The new North Carolina data center, which has been built to impressive LEED Platinum specifications, will draw about 20 megawatts of power at full capacity, said Apple. The company will generate about 60 percent of this energy on site from a combination of solar and hydrogen fuel cells. Once it is built and its power systems are completed, the facility will be both the largest private solar array and the largest non-utility fuel cell installation in the nation. The two solar farms, which will cover about 250 acres, will be among the largest in the industry, Apple CFO Peter Oppenheimer told Reuters. The facility is expected to be entirely “coal-free” by the end of 2012.
A 100-acre, 20-megawatt installation near the data center will produce 42 million kilowatt-hours (kWh) of energy each year and a 100-acre site located a few miles away from the main data center will produce another 42 million kWh for a total of 84 million kWh of clean, renewable energy annually. When the bio-gas-powered 5-megawatt fuel cells are up and running, they will provide more than 40 million kWh of renewable energy annually. In all, the Maiden, N.C., facility will produce about 124 million kWh of clean, renewable energy each year. This is enough energy to power the equivalent of 10,874 homes, said Apple.
Given the sheer processing power of the world’s largest search company, it’s never been exempt from green criticism, and its lack of transparency over its operations doesn’t help. The company is highly secretive about its data center operations, never releasing any information about how many servers it operates, but it does try to conserve power: While most companies use large power distribution units to provide backup power for their data centers, Google instead uses a 12-volt battery to back up on each server. The company says its battery method is more energy-efficient than a large uninterrupted power supply.
In addition, Google says it uses servers that are stripped of all unnecessary elements, such as graphics cards and excess fans, to help conserve power. It also builds its data centers with “hot aisles” and “cold aisles” to eliminate unnecessary heating and cooling.
The company also has decided to go the cool-location route. In late 2011, it announced an 11-acre data center in Dublin, Ireland, that will use the area’s naturally chilly air for its cooling needs. Google bought an existing building and land and is currently retrofitting the facility.
It’s a little harder for environmental groups to criticize Google’s green efforts, given how much the company sinks into renewable energy research and development. Google Energy LLC has invested hundreds of millions of dollars into a variety of projects, including wind power, solar energy, solar thermal and geothermal. Part of the investments is a 1.6-megawatt solar installation pilot project at the company’s California headquarters. It has also put about $38.8 million into two wind farms in North Dakota and is currently cooperating with other interests to build the proposed Atlantic Wind Connection, an undersea cable off the U.S. Atlantic coast that will carry power from future offshore wind farm projects with on-shore grids.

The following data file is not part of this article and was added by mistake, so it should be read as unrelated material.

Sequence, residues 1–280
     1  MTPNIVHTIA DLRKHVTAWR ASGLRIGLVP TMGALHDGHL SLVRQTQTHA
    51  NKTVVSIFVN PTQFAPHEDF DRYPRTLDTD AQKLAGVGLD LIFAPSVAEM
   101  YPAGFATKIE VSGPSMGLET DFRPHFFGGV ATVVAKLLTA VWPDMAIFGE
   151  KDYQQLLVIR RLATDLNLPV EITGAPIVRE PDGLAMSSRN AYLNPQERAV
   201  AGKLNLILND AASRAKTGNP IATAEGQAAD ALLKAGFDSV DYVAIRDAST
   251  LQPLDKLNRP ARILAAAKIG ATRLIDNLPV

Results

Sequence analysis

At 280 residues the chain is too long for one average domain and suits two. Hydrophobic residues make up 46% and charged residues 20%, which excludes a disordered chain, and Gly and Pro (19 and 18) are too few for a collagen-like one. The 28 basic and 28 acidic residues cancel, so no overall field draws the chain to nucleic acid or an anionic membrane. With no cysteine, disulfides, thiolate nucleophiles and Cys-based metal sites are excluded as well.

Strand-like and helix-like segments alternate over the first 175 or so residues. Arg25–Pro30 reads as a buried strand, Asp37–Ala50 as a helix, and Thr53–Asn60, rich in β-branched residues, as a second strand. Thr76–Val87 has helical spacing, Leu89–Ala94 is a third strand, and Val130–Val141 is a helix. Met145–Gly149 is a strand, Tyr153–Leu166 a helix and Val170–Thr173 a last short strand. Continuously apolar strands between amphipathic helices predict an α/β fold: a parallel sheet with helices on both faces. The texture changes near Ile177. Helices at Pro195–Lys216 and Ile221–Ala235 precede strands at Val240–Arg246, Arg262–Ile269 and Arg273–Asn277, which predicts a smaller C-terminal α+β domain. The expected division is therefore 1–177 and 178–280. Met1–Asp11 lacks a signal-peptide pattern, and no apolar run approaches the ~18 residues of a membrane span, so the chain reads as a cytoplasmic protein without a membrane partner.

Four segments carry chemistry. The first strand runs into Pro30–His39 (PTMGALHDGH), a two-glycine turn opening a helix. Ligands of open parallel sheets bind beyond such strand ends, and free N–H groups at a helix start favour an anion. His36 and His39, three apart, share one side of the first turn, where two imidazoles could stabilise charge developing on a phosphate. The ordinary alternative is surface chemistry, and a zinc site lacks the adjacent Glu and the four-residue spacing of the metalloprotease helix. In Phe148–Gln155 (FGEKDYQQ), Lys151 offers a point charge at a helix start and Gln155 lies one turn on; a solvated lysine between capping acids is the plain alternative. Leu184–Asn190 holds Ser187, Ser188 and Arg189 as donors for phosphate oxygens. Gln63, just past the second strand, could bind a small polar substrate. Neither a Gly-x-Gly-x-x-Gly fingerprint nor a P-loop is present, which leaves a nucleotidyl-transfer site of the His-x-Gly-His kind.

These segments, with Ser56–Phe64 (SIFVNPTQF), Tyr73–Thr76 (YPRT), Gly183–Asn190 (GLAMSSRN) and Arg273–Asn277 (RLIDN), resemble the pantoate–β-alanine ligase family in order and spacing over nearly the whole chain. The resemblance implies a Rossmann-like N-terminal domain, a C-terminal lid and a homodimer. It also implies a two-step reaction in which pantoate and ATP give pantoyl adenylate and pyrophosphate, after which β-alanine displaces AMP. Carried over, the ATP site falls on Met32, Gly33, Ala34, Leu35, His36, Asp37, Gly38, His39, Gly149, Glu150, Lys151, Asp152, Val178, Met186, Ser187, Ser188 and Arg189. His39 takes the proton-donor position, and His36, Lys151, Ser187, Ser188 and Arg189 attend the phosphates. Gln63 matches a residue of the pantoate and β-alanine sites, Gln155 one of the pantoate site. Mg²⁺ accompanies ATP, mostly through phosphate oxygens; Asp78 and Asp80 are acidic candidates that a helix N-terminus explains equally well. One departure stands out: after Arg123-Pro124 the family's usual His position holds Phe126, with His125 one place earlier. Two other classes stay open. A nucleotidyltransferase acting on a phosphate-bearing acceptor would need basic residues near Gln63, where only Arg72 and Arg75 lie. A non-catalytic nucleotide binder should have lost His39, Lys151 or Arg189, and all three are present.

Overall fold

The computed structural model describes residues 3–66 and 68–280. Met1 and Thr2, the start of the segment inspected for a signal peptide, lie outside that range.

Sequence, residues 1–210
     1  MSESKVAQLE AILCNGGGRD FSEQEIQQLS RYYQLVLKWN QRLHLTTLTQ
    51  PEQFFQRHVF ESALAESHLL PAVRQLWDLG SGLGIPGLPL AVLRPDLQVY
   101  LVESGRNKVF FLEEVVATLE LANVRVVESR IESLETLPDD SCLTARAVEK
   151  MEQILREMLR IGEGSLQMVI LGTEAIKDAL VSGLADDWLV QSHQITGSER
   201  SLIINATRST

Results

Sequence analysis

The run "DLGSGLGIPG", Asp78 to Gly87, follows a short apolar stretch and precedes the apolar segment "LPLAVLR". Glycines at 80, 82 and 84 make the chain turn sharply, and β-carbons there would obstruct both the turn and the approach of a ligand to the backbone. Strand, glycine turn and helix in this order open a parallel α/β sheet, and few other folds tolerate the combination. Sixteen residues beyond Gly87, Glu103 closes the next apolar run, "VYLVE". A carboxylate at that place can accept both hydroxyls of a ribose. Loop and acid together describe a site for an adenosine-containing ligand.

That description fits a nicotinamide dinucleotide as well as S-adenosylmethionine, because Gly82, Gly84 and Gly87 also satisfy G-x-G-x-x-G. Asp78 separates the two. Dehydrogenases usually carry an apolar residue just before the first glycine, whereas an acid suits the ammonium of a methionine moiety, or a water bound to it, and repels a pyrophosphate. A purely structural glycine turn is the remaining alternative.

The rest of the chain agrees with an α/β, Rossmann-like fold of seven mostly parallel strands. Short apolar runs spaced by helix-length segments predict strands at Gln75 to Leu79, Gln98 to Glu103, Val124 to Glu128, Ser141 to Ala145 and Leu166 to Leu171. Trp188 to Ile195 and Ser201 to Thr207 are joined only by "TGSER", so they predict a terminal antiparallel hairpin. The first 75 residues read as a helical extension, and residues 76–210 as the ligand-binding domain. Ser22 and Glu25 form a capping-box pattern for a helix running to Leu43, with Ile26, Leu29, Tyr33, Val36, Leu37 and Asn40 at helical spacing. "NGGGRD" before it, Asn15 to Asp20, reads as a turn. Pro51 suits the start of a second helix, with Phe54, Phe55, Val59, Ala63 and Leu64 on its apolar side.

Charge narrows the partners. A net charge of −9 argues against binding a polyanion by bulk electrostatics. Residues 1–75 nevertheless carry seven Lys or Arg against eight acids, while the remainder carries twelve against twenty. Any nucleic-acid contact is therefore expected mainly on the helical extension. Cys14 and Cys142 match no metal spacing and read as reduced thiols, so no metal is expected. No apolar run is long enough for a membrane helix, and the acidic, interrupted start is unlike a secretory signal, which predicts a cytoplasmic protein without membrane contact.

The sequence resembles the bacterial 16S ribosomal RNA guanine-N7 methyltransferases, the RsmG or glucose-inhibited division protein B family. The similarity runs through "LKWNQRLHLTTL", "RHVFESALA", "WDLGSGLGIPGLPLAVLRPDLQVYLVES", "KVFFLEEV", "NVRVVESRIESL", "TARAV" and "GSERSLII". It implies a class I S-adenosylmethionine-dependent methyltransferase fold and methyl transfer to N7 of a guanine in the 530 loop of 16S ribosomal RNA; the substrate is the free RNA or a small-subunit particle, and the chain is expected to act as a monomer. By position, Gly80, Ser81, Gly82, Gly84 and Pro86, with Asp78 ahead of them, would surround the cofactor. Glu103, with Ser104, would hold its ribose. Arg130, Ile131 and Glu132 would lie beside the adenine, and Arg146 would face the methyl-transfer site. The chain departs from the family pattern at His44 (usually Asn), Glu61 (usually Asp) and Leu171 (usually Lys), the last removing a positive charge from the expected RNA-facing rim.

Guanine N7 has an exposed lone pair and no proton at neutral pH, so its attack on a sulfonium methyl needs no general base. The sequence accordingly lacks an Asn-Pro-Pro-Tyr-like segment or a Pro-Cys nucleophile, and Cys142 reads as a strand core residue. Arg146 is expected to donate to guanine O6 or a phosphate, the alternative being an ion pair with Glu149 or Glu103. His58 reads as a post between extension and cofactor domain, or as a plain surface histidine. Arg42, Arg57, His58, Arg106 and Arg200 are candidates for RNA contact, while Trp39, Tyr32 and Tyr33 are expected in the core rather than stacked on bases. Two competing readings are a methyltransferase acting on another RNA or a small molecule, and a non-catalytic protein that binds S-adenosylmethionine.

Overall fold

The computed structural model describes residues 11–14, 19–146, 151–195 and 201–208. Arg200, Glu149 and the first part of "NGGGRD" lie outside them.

Google Energy also recently signed a deal with SolarCity, a large solar project chaired by Elon Musk, co-founder of PayPal, founder and chief architect of electric sports car company Tesla Motors and CEO and CTO of space transport company SpaceX. That project cost Google Energy $280 million.
Green energy investments aside, Google’s newest efforts to green its data centers have worked, at least with Greenpeace. While Greenpeace’s recent “How Clean is Your Cloud” report had some negative things to say about Apple, Amazon and Microsoft in terms of fossil fuel burning for energy for their data centers, Google was praised for its “comprehensive energy reduction plan.”
E-tailer Is Still On Greenpeace’s Hit List
In late April, Greenpeace activists climbed to the top of Amazon’s new headquarters in Seattle — which conveniently stands right across from Microsoft’s headquarters — and hung a banner that read, “Amazon, Microsoft: how clean is your cloud?” (The stunt coincided with the release of Greenpeace’s clean cloud report.)
Given the hefty percentage of the global cloud being controlled by the biggest half-dozen tech companies, environmental groups say it’s everyone’s business when these companies don’t go as green as they could.
“If we want to get to a renewable energy economy, we can’t get there without leadership from these companies,” Gary Cook, an IT analyst for Greenpeace, told Wired Enterprise’s Caleb Garling. “For too long, too many of the energy decisions have been dictated by a small set of companies who are very happy with the status quo.”
Translation: It’s your turn, Amazon and Microsoft.